Roberta Clarke

With the majority of T&T’s population in isolation for at least the next two weeks, two NGOs are calling for mechanisms to be put in place to treat with an expected increase in incidences of domestic violence.

“The natural stressors that accompany this pandemic will only serve to exacerbate the existing tensions and conflict within families, as there is no escape,” according to a statement from the Shelter for Battered Women and Children.

Coalition Against Domestic Violence president Roberta Clarke also believes this is likely, saying, “If one is living in a household with an abuser, it is a perfect scenario for unhealthy relationships to be violent. Isolation or distance from family and friends is a common trigger for domestic violence, even outside of COVID-19.”

They are calling for the following:

1) An immediate response to all reports of domestic and gender-based violence by the Trinidad and Tobago Police Service.

2) Additional counselling services.

3) Social welfare payments for victims, especially if they are unemployed, or have children.

4) An increase in special budgets to shelters to ensure that they can meet the basic needs of victims.

5) More informercials on issues such as parenting, managing anxiety, developing healthy relationships and conflict management.

6) The opening of more shelters and increased availability of emergency housing.

“We need to have available emergency housing and more shelters. The Government needs as a matter of priority to ensure that the NGO shelters can respond to the emergency needs,” Clarke said.

The Shelter for Battered Women and Children agrees with Clarke, saying, “The process of leaving an abusive relationship during this time may be sudden. As such, it will be essential for us to ensure that the required safety nets—shelters, hotlines, the TTPS’ specialised unit—are functioning effectively as if the victims are forced to return home, the consequences could be fatal.”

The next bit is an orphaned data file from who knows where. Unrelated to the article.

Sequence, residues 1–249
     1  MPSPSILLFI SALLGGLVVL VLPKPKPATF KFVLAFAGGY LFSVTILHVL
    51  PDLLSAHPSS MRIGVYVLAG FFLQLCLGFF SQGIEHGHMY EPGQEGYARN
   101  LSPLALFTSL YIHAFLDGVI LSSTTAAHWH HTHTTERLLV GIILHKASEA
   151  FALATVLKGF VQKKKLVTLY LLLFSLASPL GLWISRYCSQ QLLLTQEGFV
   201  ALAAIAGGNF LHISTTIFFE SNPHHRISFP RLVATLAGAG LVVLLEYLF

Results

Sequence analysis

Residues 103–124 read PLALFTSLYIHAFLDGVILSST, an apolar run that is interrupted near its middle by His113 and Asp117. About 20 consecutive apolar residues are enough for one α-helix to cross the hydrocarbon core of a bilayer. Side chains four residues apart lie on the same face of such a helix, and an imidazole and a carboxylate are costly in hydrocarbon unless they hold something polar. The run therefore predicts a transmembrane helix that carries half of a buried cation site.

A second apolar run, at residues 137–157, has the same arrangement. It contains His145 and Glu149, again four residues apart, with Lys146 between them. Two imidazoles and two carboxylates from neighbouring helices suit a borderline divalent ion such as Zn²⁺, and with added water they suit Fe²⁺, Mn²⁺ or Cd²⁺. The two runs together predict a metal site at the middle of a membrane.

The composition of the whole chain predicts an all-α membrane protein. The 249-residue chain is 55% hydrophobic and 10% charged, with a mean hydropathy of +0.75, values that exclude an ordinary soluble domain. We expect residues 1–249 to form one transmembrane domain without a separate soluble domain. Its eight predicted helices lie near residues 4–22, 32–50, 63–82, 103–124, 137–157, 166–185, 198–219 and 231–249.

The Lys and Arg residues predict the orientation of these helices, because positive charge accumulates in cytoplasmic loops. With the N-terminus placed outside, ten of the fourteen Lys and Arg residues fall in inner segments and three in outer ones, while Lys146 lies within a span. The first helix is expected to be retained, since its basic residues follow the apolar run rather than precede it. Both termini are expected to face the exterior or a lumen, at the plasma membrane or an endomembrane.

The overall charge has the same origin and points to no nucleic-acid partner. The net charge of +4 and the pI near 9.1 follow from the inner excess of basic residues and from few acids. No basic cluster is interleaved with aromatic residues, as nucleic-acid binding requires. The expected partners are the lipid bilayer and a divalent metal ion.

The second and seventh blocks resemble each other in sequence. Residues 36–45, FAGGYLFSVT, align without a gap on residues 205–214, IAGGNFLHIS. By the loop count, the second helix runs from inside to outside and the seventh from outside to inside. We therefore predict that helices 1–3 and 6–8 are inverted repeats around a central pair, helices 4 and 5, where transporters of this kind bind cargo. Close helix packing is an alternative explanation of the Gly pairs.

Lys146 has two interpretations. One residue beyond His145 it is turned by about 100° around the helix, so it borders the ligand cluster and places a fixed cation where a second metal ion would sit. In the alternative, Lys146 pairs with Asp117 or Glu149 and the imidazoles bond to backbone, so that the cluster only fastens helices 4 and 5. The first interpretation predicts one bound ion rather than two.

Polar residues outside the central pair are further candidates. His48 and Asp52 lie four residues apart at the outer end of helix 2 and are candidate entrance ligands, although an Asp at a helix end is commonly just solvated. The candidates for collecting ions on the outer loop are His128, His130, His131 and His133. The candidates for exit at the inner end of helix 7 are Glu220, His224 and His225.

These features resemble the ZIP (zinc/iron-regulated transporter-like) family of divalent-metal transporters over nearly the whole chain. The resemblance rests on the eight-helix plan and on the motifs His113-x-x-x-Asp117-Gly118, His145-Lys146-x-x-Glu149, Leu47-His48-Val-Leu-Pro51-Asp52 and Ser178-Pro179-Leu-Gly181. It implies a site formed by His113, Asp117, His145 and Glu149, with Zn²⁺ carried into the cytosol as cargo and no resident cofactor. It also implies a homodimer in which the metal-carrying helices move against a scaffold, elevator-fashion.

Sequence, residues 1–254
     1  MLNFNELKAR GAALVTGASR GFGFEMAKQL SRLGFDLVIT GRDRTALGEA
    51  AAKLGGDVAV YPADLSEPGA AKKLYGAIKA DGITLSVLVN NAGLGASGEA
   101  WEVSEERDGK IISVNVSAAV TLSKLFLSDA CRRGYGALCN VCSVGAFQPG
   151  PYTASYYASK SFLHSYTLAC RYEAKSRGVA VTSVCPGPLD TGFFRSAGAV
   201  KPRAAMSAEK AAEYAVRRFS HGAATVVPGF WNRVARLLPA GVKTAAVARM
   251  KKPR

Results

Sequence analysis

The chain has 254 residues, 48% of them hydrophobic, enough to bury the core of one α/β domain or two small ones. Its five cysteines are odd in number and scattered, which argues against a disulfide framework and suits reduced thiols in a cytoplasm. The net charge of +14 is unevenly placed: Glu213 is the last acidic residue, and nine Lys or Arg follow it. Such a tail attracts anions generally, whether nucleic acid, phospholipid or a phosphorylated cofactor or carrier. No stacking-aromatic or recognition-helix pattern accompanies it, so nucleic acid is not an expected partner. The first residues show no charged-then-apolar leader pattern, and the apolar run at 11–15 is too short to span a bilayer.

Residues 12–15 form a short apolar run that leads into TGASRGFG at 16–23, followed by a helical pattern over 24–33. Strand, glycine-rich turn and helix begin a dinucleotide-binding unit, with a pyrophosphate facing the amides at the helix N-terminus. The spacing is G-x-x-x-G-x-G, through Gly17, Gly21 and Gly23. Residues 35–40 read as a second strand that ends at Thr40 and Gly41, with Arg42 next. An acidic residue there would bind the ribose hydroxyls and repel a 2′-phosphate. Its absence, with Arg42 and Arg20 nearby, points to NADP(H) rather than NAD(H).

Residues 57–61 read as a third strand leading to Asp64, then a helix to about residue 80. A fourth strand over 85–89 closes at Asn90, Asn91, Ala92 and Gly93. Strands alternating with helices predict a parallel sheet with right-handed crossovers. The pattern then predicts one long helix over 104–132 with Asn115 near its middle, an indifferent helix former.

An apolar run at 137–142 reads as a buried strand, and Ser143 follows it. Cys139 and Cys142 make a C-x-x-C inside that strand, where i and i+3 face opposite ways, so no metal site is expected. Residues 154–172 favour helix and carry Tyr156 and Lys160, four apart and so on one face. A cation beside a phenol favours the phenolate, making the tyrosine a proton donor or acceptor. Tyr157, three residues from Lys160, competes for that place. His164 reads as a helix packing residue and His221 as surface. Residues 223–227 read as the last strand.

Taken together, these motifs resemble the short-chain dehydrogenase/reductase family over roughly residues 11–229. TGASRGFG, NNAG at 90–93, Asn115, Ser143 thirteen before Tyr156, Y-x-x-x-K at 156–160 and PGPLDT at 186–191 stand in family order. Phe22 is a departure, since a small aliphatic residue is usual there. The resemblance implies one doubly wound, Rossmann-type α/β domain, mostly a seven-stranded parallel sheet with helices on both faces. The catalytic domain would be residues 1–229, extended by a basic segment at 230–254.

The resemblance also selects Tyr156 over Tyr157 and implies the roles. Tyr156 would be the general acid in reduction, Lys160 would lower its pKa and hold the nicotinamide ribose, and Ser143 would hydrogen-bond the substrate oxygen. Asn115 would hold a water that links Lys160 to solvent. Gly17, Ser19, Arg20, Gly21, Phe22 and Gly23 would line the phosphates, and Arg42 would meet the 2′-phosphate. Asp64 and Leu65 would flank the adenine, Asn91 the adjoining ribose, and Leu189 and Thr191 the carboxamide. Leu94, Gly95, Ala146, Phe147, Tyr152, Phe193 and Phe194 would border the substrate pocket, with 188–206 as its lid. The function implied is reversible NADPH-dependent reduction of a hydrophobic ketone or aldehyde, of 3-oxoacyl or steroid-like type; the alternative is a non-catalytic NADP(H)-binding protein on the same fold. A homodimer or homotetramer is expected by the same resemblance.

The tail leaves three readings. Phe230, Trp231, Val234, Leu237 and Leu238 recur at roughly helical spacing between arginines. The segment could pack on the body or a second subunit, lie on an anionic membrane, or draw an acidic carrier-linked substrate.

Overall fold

In January, before the emergence of the COVID-19 pandemic, it was estimated that at least 20 women were murdered by their abusers in the previous 12 months. This prompted NGOs like the Coalition Against Domestic Violence and the shelter to lobby vigorously for amendments to the Domestic Violence Act.

According to the NGOs, the existing act, which has not been amended since 2006, does not do enough to ensure reports were taken seriously, or to ensure protection orders were adhered to. In response, the Police Service established a Gender-Based Violence Unit in January.

But Attorney General Faris Al-Rawi has assured that legislation will soon be introduced, saying the amendments will include the introduction of electronic-monitoring bracelets.

“We are proposing that the electronic monitoring bracelet for the person against whom the order is given would correspond to a unit which the person who is to be protected will have. So a proximity alert will alert the persons,” he said in Parliament on March 4, 2020.

The onset of COVID-19, however, has seemingly put the proposed legislation on the backburner for the time being.

NGOs are now asking victims, past and present, to follow their instincts, speak out and stay connected with family and friends during this period.

As for the public, the NGOs are asking that you lookout for the most vulnerable: children, the elderly and those involved in violent relationships. They advised that if you know someone who is being abused, you talk to them, keeping in mind that expressing concern will let the person know you care and it may even save their life. They added that if citizens witness abuse they should call the police at 999. The Domestic Violence Hotline’s number is 800-SAVE.